The term “light” will be generally used herein in reference to wave energy of any suitable type. It will be understood that other forms of wave energy including electromagnetic radiation in the non-visible spectra and sound may comprise the wave energy for use in the present invention.
The carrier medium may be enclosed within a compressible housing such as a flexible envelope or the like. Pressure applied to the housing compresses the carrier medium, thereby increasing the intensity of the light within the region surrounding the light source, in proportion to the decrease in volume. The change in light intensity is detected by the receiver, which transmits the information to a signal processing means. The carrier medium preferably includes multiple light scattering centers evenly disbursed throughout the medium. A suitable medium may be provided by a translucent foam material. Alternatively, the interior face of the enclosure may provide the light dispersion function. The enclosure comprises an integrating optical cavity, which is defined as a region or volume either bounded by an enclosure and comprising a deformable material with the characteristic whereby illumination within the cavity undergoes multiple scattering reflections or refractions to thereby become effectively randomized and smoothed out in its distribution throughout the cavity. In such a cavity, at the limit, information about the original direction of illumination is eventually lost and the light becomes fully scattered. An integrating optical cavity may be an air or gas filled enclosure, or may be a volume within by a translucent solid such as an open-cell or closed cell foam matrix that provides optical scattering sensors.
It is a characteristic of such a cavity that, for a light source with a constant power output, the light intensity within the cavity is a function of the volume of the cavity, the position of the light source and the reflectance of the walls of the envelope. The cavity may be formed with virtually any shape, although certain extreme shapes may not respond ideally.
A pressure sensor of this type may take several convenient forms that are adapted for the purposes of the present invention. For example, the sensor may comprise an elongate, flattened member featuring multiple light sources and receivers. Alternatively, the scattering medium may comprise a block of foam shaped to fit within a defined cavity or receiving space.
It is an object of the invention to provide a sensing or detection means which may be mounted within a vehicle for detection of acceleration and/or attitude of the vehicle. It is a further object to provide an improved acceleration and/or attitude sensor, and to provide such a sensor as a component of a vehicle.
The invention comprises in one aspect, a compressible carrier medium of wave energy, preferably comprising a block of translucent material, the carrier medium having wave energy scattering centers dispersed within it to create a volume containing scattered wave energy upon the application of wave energy to the medium;
a wave energy source coupled to and in substantial contact with the carrier medium;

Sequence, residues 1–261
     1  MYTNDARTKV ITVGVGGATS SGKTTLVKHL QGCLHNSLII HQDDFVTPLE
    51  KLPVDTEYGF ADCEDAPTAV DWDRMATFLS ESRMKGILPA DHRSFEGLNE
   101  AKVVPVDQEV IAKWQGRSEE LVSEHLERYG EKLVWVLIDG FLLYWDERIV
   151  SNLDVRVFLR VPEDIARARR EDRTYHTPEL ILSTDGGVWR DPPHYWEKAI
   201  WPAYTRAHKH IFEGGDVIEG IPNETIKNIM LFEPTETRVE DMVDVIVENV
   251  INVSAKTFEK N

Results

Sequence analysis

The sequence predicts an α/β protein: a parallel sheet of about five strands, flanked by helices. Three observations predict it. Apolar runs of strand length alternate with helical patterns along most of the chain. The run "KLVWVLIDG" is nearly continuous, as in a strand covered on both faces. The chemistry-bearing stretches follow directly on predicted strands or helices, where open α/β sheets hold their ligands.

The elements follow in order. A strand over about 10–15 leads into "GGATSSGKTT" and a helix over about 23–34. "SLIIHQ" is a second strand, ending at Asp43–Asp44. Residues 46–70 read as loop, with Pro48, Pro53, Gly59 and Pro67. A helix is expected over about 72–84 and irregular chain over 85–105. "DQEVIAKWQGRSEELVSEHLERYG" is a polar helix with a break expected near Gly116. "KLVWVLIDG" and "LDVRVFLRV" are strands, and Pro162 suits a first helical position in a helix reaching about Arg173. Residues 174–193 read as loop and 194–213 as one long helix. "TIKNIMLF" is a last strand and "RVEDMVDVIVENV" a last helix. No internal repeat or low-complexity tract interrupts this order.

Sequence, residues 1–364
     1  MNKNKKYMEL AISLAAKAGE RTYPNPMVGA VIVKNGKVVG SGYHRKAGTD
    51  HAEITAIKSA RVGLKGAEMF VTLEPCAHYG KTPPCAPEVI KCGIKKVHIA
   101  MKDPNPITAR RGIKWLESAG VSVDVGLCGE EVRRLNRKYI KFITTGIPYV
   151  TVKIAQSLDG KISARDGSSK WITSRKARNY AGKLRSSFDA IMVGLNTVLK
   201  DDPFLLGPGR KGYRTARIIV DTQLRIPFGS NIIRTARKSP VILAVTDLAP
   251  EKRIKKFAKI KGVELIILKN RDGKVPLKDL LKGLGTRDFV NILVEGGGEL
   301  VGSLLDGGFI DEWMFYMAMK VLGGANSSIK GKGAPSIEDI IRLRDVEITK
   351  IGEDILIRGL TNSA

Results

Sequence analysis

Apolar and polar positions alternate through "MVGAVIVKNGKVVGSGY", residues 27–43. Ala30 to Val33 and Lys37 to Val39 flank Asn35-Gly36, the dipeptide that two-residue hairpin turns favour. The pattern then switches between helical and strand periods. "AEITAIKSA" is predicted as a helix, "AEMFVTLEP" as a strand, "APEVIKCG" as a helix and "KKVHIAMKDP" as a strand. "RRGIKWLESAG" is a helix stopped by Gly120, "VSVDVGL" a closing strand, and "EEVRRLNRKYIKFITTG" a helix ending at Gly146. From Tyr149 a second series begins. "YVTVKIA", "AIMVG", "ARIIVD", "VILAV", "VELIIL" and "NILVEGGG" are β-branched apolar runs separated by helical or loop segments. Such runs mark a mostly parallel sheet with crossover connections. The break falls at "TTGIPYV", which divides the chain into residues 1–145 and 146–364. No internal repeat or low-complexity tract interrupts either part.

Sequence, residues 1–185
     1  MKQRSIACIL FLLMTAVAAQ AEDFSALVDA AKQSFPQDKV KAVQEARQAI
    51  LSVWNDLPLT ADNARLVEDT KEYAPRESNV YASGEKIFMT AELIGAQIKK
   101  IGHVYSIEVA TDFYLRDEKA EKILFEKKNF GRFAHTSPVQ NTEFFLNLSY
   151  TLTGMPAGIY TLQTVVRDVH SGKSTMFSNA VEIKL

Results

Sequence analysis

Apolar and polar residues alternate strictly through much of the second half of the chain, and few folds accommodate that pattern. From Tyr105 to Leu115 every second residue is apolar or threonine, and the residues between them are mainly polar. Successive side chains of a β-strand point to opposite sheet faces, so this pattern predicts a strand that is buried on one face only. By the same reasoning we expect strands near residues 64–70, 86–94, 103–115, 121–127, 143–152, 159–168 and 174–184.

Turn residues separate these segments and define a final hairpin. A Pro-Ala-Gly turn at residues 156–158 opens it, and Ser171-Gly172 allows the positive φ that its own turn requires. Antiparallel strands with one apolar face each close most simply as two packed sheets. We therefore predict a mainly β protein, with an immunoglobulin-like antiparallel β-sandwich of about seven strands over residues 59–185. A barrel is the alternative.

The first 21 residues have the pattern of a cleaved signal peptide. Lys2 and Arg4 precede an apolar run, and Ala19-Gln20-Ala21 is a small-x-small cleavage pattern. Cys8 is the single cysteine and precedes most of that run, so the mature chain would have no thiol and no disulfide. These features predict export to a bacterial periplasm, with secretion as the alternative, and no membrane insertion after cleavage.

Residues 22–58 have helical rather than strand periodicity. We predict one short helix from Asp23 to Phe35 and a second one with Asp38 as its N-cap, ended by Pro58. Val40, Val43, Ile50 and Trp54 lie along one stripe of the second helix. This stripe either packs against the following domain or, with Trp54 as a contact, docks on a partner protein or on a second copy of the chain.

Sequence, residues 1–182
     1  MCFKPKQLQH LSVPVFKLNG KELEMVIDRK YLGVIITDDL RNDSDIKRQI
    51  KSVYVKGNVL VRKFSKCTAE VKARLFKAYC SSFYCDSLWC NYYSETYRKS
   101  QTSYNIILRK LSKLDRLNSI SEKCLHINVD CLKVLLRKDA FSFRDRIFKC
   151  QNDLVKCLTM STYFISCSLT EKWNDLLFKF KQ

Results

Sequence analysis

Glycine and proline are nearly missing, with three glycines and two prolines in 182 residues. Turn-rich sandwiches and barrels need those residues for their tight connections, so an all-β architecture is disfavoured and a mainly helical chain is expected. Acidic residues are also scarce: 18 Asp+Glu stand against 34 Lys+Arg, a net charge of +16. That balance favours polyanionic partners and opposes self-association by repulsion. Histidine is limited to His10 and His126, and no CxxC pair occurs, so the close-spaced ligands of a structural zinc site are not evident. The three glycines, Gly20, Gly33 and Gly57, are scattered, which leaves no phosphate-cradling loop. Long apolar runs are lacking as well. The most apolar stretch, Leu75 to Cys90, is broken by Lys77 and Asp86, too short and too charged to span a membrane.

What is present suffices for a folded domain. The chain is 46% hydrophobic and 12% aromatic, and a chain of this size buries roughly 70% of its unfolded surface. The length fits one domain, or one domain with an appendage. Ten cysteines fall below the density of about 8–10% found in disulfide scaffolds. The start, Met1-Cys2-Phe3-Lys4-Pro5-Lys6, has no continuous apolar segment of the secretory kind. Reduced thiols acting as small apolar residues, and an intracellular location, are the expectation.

a wave energy receiver responding to the integrated intensity of scattered wave energy within the carrier medium;
an inertial mass in contact with the carrier medium;
a support for supporting the carrier medium, inertial mass, energy source and energy receiver; and
signal coupling means connected to the receiver for transferring signal therefrom to a signal processing means, wherein the region around the wave energy source and the receiver substantially defines these scattered energy volume. The inertial mass contains sufficient mass, and is mounted in an appropriate position, whereby a predetermined amount of acceleration experienced by the device in a predetermined direction causes the inertial mass to compress the carrier medium to increase the integrated intensity of scattered wave energy sufficiently to trigger a response within the signal processing means.
Preferably, the wave energy comprises light. The light source may comprise an LED in contact with the carrier medium, or alternatively a fiber optic cable, a transmitting end of which is in contact with the carrier medium and the receiving end of which communicates with a remote light source. In one aspect, the resiliency of the scattering medium, in combination with the size, shape and mass of the inertial mass, permits discriminatory detection of acceleration within the order of approximately 50 g's, and having a duration in the order of approximately 1 millisecond.
In a further aspect, the inertial mass is retained between two separate volumes of the carrier medium. Conveniently, a housing surrounds the carrier medium, and the inertial mass is retained in position by means of roller bearings or other slidable low friction contacts between the housing and inertial mass. Within this arrangement, preferably each block of carrier medium is associated with a respective energy source and receiver. This arrangement is suitable for bidirectional acceleration detection along a single axis.
In a further aspect, the energy source and receiver comprise a light emitting diode and photo detector, respectively, the same both mounted to a silicon chip substrate, which also supports a single unitary volume of the carrier medium. An inertial mass is conveniently mounted to the carrier medium at a position opposing the substrate. Within this aspect, a supporting frame and suitable electrical contacts are conveniently provided. In this configuration, single axis, unidirectional acceleration may be detected. Alternatively, the separate inertial mass may be dispensed with, and the function of this element is provided by the mass of the carrier medium itself. This arrangement is suitable for detection of relatively high impacts.